Ship sinks in Persian Gulf, spilling smuggled Iraqi oil
Sunday, April 15th 2001, 12:00 am
By: News On 6
DUBAI, United Arab Emirates (AP) _ A ship smuggling thousands of tons of Iraqi oil sank in the Persian Gulf, a U.S. Navy official said Sunday, and authorities here said some of the fuel spilled into the water.
The Georgian-flagged vessel went down Saturday near Dubai's Jebel Ali port with 3,850 tons of fuel oil on board, said Cmdr. Jeff Gradeck, spokesman for the Navy's Bahrain-based 5th Fleet.
However, the Emirate's Federal Environmental Agency put the fuel figure at only 1,430 tons, saying some of it had spilled. Crews were working to contain the spill, 16.5 nautical miles off the coast, the agency said Sunday.
The aging ship was headed from Iraq to Pakistan at the time, an Emirates official said on condition of anonymity.
Gradeck said the ship had been intercepted several days earlier for violating U.N. sanctions against Iraq. ``The ship was en route to a holding area in international waters for sanction-busting ships when it sank,'' he said.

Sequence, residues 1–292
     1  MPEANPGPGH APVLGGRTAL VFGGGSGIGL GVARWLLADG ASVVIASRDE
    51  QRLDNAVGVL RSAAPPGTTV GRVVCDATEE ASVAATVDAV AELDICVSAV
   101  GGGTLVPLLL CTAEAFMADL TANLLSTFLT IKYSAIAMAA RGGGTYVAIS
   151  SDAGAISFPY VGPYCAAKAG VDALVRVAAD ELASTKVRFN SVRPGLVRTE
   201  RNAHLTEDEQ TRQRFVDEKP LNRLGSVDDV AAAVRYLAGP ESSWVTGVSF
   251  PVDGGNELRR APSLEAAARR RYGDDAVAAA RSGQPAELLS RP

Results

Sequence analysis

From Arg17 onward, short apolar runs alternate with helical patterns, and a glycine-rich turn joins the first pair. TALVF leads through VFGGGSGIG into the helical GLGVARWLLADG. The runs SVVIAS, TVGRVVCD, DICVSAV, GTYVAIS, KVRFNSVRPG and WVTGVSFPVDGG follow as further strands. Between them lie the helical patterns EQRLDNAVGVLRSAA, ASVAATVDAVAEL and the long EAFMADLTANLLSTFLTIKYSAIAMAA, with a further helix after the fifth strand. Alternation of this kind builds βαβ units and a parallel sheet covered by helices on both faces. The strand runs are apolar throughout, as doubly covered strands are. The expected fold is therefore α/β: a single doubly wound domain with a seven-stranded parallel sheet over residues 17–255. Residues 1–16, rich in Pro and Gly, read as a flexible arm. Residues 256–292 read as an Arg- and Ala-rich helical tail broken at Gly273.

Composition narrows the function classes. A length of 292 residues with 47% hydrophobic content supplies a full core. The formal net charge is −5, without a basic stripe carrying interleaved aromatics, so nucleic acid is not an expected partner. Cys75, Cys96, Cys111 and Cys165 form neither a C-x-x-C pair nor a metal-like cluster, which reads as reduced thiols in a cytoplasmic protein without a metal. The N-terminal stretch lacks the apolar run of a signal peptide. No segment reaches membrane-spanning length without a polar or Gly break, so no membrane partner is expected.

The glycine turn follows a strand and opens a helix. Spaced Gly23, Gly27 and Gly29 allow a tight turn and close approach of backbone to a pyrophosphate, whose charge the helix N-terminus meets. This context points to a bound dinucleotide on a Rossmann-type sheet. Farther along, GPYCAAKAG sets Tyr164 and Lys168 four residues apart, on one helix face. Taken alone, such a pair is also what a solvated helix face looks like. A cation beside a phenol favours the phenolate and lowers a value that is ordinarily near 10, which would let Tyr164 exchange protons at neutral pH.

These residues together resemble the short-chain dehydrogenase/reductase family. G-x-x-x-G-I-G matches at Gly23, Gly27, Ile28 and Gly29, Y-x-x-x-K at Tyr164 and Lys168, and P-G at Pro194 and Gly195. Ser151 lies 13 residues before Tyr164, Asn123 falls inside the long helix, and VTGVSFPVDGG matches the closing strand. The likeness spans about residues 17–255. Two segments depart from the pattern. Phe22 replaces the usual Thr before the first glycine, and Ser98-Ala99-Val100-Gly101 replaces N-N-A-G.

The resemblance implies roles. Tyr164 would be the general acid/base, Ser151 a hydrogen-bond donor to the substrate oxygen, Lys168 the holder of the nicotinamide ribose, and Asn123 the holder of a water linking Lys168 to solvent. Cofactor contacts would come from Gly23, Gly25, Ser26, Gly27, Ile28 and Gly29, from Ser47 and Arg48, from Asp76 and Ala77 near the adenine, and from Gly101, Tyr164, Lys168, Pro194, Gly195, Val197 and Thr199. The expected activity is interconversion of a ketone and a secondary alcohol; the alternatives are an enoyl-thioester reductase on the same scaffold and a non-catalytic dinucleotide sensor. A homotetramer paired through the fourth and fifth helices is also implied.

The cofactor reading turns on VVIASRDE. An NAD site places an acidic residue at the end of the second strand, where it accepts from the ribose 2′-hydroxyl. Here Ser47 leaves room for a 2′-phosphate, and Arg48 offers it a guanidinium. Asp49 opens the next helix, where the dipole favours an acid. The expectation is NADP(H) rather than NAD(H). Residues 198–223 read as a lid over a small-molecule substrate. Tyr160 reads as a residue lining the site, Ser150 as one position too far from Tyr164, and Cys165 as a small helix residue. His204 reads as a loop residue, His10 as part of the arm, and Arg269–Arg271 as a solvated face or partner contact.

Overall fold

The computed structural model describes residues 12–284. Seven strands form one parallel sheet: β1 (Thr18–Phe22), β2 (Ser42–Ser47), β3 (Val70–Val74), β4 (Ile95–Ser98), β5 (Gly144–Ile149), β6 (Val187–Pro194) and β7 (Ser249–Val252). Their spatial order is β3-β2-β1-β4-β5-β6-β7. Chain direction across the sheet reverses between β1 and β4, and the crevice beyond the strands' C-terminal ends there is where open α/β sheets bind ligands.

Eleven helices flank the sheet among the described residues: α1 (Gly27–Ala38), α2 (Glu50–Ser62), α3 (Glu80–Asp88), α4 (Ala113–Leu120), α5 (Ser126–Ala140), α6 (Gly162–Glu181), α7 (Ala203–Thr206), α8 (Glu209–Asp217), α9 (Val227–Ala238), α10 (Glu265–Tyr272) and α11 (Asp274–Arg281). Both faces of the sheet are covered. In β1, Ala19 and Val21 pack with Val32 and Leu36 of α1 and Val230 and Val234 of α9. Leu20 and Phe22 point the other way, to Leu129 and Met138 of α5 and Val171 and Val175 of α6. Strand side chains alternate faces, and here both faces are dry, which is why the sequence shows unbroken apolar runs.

After the ship was damaged by rough waves, two U.S. ships in the area helped the 11-member Iraqi crew stabilize the vessel, he said. But by Saturday afternoon, the ship began sinking, Gradeck said. The crew of the Zainab was rescued by the Emirates' coast guard, he said.
Under sanctions imposed by the United Nations following Iraq's invasion of Kuwait in 1990, Iraq can only sell oil on condition that most of the proceeds are used to meet Iraqis' basic needs.
Oil smuggled out outside the so-called oil-for-food deal _ and the vessels carrying the illegal shipments _ are auctioned off.
Ships loaded with smuggled Iraqi oil routinely pass through the waters off the Emirates.
But after an oil barge believed to be carrying Iraqi fuel spilled fuel off the Emirates in 1998 and contaminated some nine miles of coastline, the Emirates launched a crackdown on sanctions-busting tankers.
In January last year, a tanker carrying 1,080 tons of crude oil from Abu Dhabi to Somalia sank in bad weather four miles off the Emirates' coast, spilling about 330 short tons of crude.